It is the privilege of teenagers to think that they are the first to confront the world with their quest for meaning, their need to belong. It is perhaps the curse of modern thinking to presume the notion of the teenager sprung fully-formed from the ashes of World War II. There’s no shortage of films — fictional and non- — that explore the post-war rise of teens as a social, cultural, and economic force. But for all the boomers, hippies, gen-X’ers, gen-Y’ers, etc, etc. that have already been documented, there were in fact generations preceding, generations who, with the advent of the twentieth century, the abolition of child labor, and the spread of popular culture through movies, radio, and records, helped demarcate this hitherto undefined stage of life and learning.
Based on the book by the same name by punk author Jon Savage, Matt Wolf’s kaleidoscopic documentary, Teenage, attempts to extend the time line far enough back to fill in those crucial blanks. Exploring the first five decades of the twentieth century and focusing specifically on events in the U.S, Britain, and Germany, Wolf looks at the first generations who sought to define themselves as separate from their parents and, frequently, society at large, even as their elders struggled to respond to this new social force, responses that tended to boil down to attempts either to co-op and control (who could’ve imagined that fascism would be one of the first things target-marketed to teens?), or to outright destroy (and sometimes both).
Dubbing his approach a “collage,” Wolf eschews the authoritative voice of the outside narrator, choosing instead to present his narrative through the collective voices of the teens living through their times. Mixing archival footage with staged reenactments featuring, among others, actors Ben Whishaw and Jena Malone, the director explores the cultural and social forces that both shaped and were spawned by each generation, pausing occasionally to focus in on the tales of a self-destructive Bright Young Thing here, an avid Hitler Youth there, an African American Boy Scout in the U.S. It’s an effective mix of overview and pinpoint observation, revelatory for the parallel lines it draws in each generation’s paradoxical attempts to mark out their individuality, even as they strive to define a community of their own. The survey, in fact, is so compelling that it leaves one wondering what tales aren’t being told, what gaps remain in the gaps that are being filled. What was happening in France, in Spain? Was the Third World involved, was Asia? Seventy-eight minutes is not enough to cover the full revolution (and, ideally, Savage’s book goes a long way towards providing the broader view); if Wolf isn’t thinking of Ken-Burnsing this into a full-fledged TV series, someone should. For now, though, Teenage restores the voices of the generations that helped shape our own, and serves as a moving reminder that the joys and anguishes experienced by teens now were shared by those who helped map out this vital phase of life.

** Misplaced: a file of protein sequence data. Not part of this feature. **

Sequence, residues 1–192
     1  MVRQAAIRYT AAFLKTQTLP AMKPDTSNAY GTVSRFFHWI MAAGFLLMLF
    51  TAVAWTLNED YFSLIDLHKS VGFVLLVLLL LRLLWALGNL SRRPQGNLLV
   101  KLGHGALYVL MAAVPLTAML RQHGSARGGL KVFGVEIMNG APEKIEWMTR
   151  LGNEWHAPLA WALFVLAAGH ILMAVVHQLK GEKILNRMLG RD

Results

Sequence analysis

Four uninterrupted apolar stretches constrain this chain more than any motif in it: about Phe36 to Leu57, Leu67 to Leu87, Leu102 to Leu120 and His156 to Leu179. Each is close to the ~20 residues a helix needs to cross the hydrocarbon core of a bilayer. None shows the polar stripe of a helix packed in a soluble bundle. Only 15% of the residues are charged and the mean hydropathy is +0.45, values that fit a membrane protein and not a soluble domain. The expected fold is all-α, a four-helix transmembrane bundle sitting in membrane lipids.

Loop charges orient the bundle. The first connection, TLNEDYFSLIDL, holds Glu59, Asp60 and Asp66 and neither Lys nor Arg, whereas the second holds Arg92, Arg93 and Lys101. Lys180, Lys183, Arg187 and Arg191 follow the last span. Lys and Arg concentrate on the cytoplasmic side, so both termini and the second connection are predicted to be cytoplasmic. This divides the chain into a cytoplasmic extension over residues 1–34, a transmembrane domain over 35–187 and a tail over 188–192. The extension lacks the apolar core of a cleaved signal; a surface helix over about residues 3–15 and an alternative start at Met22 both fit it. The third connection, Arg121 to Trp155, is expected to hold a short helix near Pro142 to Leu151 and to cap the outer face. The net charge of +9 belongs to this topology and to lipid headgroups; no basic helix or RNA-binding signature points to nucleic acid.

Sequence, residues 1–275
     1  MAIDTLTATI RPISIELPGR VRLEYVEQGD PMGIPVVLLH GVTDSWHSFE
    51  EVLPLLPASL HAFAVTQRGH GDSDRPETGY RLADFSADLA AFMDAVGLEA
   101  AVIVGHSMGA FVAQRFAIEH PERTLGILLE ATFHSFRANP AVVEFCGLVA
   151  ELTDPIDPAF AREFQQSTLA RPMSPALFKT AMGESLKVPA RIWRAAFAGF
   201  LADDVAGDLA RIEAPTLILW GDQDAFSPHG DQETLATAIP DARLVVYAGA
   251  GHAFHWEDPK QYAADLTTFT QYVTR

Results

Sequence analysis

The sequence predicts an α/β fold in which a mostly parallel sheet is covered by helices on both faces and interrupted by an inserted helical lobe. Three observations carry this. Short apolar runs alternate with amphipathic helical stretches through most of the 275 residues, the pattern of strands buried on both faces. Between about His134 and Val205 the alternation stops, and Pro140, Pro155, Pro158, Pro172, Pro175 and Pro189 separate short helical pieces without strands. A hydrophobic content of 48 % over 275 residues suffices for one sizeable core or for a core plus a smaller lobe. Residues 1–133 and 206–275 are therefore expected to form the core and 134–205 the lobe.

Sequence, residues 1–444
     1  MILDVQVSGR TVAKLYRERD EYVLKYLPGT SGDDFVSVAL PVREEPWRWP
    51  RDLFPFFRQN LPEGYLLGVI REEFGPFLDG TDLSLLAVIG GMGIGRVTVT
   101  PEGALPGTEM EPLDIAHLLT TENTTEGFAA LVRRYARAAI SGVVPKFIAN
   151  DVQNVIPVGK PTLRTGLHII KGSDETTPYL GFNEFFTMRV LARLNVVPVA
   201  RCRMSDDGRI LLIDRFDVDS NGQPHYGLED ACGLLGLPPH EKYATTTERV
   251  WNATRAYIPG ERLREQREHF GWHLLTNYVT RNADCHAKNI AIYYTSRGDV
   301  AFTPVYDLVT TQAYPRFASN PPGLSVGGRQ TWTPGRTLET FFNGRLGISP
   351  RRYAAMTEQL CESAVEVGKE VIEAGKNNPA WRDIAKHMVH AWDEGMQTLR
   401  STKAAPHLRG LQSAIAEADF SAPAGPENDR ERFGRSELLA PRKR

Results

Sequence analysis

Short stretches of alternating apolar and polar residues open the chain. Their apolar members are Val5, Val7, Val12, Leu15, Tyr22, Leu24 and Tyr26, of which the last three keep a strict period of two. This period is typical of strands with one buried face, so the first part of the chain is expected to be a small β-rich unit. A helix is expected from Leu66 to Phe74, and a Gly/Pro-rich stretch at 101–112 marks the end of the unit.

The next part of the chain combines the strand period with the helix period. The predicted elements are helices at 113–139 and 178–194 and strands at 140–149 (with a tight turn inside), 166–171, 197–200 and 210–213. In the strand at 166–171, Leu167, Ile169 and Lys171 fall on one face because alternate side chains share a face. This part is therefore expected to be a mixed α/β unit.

TEENAGE. Directed by Matt Wolf. Oscilloscope Laboratories, Opening NY & LA on 3/14/14, 78 mins. With: Jean Malone, Ben Whishaw, Julia Hummer, Jessie Usher.
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